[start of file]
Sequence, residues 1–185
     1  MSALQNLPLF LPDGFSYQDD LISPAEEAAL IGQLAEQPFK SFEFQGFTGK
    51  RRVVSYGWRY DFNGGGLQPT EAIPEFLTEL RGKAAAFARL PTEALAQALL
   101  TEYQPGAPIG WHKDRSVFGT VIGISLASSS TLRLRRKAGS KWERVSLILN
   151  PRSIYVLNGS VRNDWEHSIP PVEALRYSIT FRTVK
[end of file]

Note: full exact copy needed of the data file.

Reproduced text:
Sequence, residues 1–185
     1  MSALQNLPLF LPDGFSYQDD LISPAEEAAL IGQLAEQPFK SFEFQGFTGK
    51  RRVVSYGWRY DFNGGGLQPT EAIPEFLTEL RGKAAAFARL PTEALAQALL
   101  TEYQPGAPIG WHKDRSVFGT VIGISLASSS TLRLRRKAGS KWERVSLILN
   151  PRSIYVLNGS VRNDWEHSIP PVEALRYSIT FRTVK